Clothing factories fight to survive as orders cut

The global apparel industry is reeling from a punishing 2020.

And hopes of recovery have been punctured by a new wave of lockdowns.

Clothing retailers in Europe and America sit on excess inventory and have cut back on future orders.

That's left garment factories in Bangladesh struggling to survive.

Some major retailers remain swamped by last year's clothes, which would have been sold off in clearance sales in normal times.

British chain Primark told Reuters it was housing around $205 million worth of 2020 spring/summer stock, and even more from its autumn/winter collection.

In an indication of the scale of the backlog, consultancy McKinsey says the value of unsold clothing worldwide ranges from $168-192 billion- more than double normal levels.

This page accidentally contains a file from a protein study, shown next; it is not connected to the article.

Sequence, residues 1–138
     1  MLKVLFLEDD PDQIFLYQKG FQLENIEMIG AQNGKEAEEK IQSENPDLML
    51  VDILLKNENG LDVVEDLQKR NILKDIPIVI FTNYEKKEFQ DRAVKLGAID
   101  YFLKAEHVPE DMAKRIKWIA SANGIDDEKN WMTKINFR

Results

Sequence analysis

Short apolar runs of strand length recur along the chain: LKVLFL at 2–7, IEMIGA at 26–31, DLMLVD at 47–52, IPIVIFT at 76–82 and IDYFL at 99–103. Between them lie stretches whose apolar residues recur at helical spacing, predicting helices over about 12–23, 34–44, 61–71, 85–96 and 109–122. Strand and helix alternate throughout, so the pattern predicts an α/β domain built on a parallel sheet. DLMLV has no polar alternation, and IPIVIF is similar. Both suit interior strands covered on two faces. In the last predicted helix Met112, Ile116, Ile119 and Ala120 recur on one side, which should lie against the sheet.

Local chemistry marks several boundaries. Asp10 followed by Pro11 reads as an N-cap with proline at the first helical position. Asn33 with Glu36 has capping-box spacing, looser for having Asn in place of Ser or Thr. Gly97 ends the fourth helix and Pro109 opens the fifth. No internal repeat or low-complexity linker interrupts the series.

Britain's Marks & Spencer and Germany's Hugo Boss said they had placed smaller orders than usual for this year's spring collection.

And the pain is flowing to major manufacturing centres like Bangladesh, where the economy relies on textile exports.

Fifty factories surveyed in Bangladesh said they had received 30% fewer orders than usual this season.

With store closures threatening to carry into summer, some retailers are attempting to sell off as much of their excess stock as possible.

Last year was dire for the clothing industry.

It saw sales slide by about 17% versus 2019.

And the future remains uncertain.

There are some bright spots though.

Pajama sales have seen a major boom as people stay home.

But that's little solace for many makers.

While demand for comfy loungewear may be high, pajamas and onesies aren't enough to keep the world's clothing factories busy.